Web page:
This brings me to the obvious question that New Zealanders need to ask themselves; how much do the current main political parties care about the people of New Zealand when measured against how much they want to win an election? While the Greens obviously want to lose the next election by signing up to the pact, no other party appears to want to allay the fears of ordinary New Zealanders by coming out with a clear statement. And this despite their resources, their endless advisors, and their constant statements about how they will put New Zealanders first. Only one party has come out with a clear press release condemning this Compact and urging our government not to sign it, fledgling party the One New Zealand Party. We have been here 5 minutes and in these early days have few resources - in fact we all are currently either running our businesses or employed full time - yet we managed to make it abundantly clear in a press statement released on the 2nd of December that in the interests of New Zealanders our government should not sign this document. All of the above speaks volumes about the calibre and goals of the current political parties, and also why we are working overtime forming the new ‘One New Zealand Party’. We need a party with integrity to hold these people to account and to genuinely have the interests of the New Zealand people at heart.

— Andy Oakley, Author and Deputy Leader of the One New Zealand Party

MANA WHENUA GROUPS PROPOSE MĀORI NAMES OF AUCKLAND PARKS TO LOCAL BOARDS

‘Your local Auckland park could be about to gain a Māori name as local boards consult Māori groups on how to tell the “unique stories of Tāmaki Makaurau”. Brains Park, Dickey Reserve and Eastdale Reserve are just three among 99 places picked by the Whau Local Board in its first group of parks and reserves to go through the review. The Auckland Council move to add Māori names or even have them replace existing names was initiated by mana whenua - Auckland Māori who have mana and ancestral connections in some part of the region. Mana whenua groups are being asked to propose Māori names to local boards. As well as local parks, reserves and domains, the renaming programme will include 53 regional parks and cemeteries, plus libraries; council leisure centres and other community places will be added later. “The scale of the programme is significant,” council officials said in a report. “It is estimated there are more than 4100 parks and places across Tāmaki Makaurau.” The council hopes that, in line with its Māori language policy, the re-naming will foster learning of te reo Māori and the associated Auckland Māori history and values. Almost all of the 4100 parks in Auckland have been created by post 1840 settlers and councils hard work and enterprise but like the gifting(actual deed of sale ignored) of central Auckland history is being turned on its head. To change the names of parks and buildings is an insult to those people they are named for as in many cases the land was donated by those whose names the park bears or they honour contributions made by those named The Howick Local Board when considering changes of names to local parks etc would do well to remember the problems created when the ward name of Howick was going to be changed to Te Irirangi.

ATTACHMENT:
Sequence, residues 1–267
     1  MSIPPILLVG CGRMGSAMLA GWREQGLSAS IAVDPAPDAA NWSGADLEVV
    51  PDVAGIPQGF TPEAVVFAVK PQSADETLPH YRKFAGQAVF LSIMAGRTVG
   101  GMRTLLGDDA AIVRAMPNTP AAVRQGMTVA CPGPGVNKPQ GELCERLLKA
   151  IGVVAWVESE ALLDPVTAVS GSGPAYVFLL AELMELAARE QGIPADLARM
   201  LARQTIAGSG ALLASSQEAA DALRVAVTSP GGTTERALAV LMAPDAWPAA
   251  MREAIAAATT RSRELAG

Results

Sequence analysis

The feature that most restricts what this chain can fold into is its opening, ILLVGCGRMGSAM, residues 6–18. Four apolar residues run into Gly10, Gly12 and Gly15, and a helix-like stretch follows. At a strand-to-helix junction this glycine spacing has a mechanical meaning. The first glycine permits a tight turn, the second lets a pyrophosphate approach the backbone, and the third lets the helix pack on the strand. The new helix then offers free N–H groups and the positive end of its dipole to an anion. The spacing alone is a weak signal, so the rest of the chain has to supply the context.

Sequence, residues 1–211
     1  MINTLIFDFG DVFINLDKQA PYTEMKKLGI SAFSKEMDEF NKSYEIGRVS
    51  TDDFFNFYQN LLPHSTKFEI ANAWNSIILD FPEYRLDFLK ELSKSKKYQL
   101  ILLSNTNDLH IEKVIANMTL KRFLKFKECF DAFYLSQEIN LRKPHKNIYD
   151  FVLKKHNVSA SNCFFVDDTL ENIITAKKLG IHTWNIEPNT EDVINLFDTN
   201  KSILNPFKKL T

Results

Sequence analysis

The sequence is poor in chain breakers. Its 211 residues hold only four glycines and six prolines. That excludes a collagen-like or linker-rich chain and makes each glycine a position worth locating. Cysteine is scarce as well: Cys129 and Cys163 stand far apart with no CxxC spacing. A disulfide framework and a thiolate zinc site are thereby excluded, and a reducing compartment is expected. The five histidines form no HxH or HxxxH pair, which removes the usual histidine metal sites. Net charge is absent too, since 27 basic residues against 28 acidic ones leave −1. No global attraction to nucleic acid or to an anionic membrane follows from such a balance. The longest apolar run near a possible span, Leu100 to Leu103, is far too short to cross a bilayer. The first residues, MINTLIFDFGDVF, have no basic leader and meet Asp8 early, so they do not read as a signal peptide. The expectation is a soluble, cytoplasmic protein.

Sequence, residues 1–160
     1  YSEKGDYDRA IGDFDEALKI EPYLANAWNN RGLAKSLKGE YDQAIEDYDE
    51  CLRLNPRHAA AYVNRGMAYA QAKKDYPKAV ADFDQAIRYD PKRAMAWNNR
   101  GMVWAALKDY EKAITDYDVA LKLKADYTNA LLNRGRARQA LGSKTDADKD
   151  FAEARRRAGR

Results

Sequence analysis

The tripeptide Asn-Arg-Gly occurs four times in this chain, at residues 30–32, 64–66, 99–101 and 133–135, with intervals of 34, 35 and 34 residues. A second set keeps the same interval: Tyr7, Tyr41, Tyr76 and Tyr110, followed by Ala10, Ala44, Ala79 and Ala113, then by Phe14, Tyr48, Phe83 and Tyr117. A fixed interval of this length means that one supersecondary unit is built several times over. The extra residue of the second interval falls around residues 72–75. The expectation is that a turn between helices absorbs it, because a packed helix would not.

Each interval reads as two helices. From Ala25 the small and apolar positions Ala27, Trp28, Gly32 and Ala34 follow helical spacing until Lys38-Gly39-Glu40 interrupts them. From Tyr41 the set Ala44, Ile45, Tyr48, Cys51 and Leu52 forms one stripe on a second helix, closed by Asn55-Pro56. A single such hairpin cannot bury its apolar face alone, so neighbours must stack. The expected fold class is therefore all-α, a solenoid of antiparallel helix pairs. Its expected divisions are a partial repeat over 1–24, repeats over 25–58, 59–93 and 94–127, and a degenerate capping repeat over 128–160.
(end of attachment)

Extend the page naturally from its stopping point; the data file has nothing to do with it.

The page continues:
— Arthur Moore, Pakuranga